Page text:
Meet Thomas R. Schmidt

How did you become interested in your BIAAS-related research project?

I was born and raised in Austria but spent most of my academic career in the U.S. As a result, most of my research, which explores the changing nature of journalism, is U.S.-focused. At the same time, most of my personal experience in doing journalism happened in Austria, because I was a reporter for broadcast news as well as political news in a newspaper before switching to the academic track. In a way, then, I’ve been looking for an opportunity to develop a research project with an explicit comparative perspective, trying to understand how the American way of doing journalism has influenced and shaped Austrian media since the end of World War II.

What is the significance of the transatlantic history between the US and Austria in your work? And, if this pertains to your work, how does looking at the transatlantic relationship enrich your research subject?

This research delineates American influences on Austrian journalism in two distinct phases in the evolution of Austrian journalism since 1945: (1) re-education and professional training by U.S. authorities in the context of the Cold War (1945-1970); (2) adoption of American formats like magazine journalism (Profil, Basta, Wiener, News), straight news journalism (Der Standard), and alternative journalism (Falter) as the traditional party press declined (1970-1995). Focusing on American influence in this context means identifying particular patterns that not only point towards a targeted diffusion of journalistic norms, routines, and practices from the United States to Austria. It also entails highlighting institutional arrangements as well as cultural and structural contexts in Austria that facilitated the adoption of American ideas and practices within the context of Austrian media. As Austrian journalists borrowed American formats, occupational norms and cultural values, they also modified them in significant and patterned ways.

What are must-read books for your topic?

A key publication for making sense of American cultural influence on postwar Austria is Reinhold Wagnleitner’s Coca-Colonization and the Cold War: The cultural mission of the United States in Austria after the Second World War. A groundbreaking work, which unfortunately is neither published as a book nor available in English, is an early work, a dissertation, by the acclaimed historian Oliver Rathkolb: Politische Propaganda der U.S. Besatzungsmacht in Österreich 1945-1950: Ein Beitrag zur Geschichte des Kalten Krieges in der Presse-, Kultur- und Rundfunkpolitik.

What resource (website, archive, book, etc.) do you return to often and why? 

I’ve subscribed to several newsletters that reflect on current developments in journalism (Columbia Journalism Review, Poynter Institute, Niemanlab at Harvard University) because they keep me up to date about new developments and trends.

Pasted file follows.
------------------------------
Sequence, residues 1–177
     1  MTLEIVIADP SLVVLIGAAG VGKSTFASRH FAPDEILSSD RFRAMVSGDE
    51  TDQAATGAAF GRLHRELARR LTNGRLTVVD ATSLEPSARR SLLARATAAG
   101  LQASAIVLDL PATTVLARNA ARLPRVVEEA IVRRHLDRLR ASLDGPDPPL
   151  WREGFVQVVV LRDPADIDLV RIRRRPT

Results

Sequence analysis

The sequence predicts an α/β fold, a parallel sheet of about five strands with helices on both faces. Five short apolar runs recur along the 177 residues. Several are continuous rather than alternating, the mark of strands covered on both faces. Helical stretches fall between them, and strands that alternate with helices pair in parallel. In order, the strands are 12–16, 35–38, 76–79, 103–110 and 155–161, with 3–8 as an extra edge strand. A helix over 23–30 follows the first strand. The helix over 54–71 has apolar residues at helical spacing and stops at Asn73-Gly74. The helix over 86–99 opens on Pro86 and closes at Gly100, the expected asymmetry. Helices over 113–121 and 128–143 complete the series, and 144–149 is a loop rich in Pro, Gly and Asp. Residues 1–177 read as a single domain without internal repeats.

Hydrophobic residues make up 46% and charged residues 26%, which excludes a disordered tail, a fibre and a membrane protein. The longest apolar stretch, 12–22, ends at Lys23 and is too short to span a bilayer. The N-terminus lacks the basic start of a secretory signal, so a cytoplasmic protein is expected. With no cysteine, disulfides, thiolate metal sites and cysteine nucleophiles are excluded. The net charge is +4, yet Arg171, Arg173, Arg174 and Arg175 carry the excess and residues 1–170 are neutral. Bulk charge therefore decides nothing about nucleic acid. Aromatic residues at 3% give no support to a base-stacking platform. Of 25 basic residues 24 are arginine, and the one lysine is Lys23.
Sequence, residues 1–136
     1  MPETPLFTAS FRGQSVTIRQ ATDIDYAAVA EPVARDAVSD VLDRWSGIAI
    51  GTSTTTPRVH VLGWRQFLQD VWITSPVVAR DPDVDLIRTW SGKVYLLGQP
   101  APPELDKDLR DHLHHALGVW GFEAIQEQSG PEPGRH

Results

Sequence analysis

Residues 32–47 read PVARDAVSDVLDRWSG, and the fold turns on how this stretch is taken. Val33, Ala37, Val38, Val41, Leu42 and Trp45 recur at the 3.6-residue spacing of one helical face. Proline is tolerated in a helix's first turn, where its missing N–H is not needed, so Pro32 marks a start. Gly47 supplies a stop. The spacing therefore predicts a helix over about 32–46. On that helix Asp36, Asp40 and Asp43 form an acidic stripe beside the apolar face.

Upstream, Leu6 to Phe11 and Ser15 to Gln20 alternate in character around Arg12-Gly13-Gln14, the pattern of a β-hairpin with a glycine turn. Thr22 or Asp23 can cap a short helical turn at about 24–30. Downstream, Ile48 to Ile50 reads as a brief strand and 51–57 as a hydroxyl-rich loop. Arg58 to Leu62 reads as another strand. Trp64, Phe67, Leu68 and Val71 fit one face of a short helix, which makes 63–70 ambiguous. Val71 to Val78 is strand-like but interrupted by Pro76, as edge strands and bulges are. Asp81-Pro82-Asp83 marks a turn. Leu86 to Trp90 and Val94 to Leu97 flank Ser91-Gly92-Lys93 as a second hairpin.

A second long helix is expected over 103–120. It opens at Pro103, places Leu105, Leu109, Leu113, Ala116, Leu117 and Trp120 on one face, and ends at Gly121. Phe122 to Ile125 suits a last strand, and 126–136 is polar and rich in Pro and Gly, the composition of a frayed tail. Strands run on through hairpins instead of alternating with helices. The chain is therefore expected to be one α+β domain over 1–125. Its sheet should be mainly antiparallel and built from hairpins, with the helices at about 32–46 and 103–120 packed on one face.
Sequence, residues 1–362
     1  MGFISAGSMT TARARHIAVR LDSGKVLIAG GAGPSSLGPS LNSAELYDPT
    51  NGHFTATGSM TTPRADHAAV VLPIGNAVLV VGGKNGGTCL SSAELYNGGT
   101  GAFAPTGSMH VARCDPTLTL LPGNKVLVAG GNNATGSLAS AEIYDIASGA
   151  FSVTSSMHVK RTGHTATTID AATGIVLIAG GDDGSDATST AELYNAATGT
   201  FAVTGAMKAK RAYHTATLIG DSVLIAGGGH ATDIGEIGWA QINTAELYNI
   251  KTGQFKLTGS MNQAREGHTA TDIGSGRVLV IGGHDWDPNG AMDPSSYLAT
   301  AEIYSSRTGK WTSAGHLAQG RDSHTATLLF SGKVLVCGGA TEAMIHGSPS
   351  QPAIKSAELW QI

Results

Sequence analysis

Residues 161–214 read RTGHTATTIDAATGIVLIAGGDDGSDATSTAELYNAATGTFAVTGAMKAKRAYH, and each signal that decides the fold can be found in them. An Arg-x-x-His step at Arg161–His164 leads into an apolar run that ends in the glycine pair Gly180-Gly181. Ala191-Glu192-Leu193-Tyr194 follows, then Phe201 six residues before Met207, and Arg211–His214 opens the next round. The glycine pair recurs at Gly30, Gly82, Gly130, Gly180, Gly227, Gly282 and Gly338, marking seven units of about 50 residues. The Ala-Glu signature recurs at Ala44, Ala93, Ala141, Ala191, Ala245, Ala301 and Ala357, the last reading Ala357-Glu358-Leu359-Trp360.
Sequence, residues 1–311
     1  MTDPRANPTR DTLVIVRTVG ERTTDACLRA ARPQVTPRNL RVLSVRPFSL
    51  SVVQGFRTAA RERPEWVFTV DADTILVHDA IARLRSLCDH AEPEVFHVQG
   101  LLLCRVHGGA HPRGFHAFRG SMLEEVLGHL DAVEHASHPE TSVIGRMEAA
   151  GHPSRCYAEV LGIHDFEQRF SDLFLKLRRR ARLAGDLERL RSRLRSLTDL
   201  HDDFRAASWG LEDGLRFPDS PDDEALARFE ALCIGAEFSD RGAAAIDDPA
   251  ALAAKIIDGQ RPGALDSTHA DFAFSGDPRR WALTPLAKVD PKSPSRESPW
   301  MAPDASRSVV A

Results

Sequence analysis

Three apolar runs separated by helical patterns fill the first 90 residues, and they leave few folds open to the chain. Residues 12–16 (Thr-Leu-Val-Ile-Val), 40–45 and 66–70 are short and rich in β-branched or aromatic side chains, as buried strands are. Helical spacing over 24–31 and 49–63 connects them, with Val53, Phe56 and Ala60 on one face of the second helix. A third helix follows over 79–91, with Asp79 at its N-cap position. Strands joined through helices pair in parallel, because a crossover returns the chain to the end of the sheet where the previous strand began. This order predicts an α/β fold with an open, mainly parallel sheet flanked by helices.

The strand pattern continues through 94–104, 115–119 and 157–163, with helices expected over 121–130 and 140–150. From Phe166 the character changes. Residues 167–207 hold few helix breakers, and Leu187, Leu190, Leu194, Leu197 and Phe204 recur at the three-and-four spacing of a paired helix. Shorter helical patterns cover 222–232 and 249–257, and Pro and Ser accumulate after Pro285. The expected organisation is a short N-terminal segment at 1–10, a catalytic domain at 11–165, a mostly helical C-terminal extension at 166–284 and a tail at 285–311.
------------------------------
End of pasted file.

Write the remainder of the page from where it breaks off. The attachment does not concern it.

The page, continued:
Which scholar(s) do you admire the most? Why?

My intellectual role model is Michael Schudson, a professor at Columbia University and one of my predecessors at my current academic home, the University of California, San Diego. Michael combines profound conceptual thinking with astute empirical observations about the role of journalism in democratic life and, importantly, he does all of that by writing elegant prose.

What is your favorite off the beaten path locale in the Austria/Habsburg lands?

I must admit that I’m absolutely biased when answering this question. I grew up in a remote area of lower Austria called “Waldviertel.” Even though the region is close to Vienna it is sparsely populated and structurally disadvantaged when it comes to economic development. However, the region’s natural beauty has also opened new pathways for a more gentle and sustainable tourism. You’ll find ancient castles and ruins at every corner and there is a growing infrastructure for bike paths as well as a variety of options for hiking, kayaking and other outdoorsy adventures.

If you could meet with any Austrian/Habsburg figure of present or old, who would it be? Why? What would you want to ask them or talk about?

I would have loved to meet with journalists of Jewish descent who had to flee from Austria during the Nazi regime or were killed in death camps during that time. They were the heart and soul of Austrian journalism in the early 20th century, and I would have loved to hear in person how they experienced the transition from Fin de Siècle Vienna to the end of the empire and ultimately the barbarism of the Nazis.

What are you currently reading? Or watching?

With two little kids that require my permanent attention, reading and watching anything that’s not related to work is currently a luxury. Whenever possible I watch Austrian movies on the media player of ORF, the Austrian Broadcasting Corporation. The most recent one that I really enjoyed was the documentary Die Dohnal by Sabine Derflinger, a movie about Johanna Dohnal, a pioneering champion for women’s rights in Austria.

 

Thomas R. Schmidt
FUNDED PROJECT

Thomas R. Schmidt

This research explores the influence of American journalistic norms, routines and practices on Austrian journalism between 1945 and the 1990s. Archival research and oral history interviews will document how Austrian journalists experienced different phases of American influence beginning with training by American government officials between 1945 and 1955 to the adoption of American news formats...

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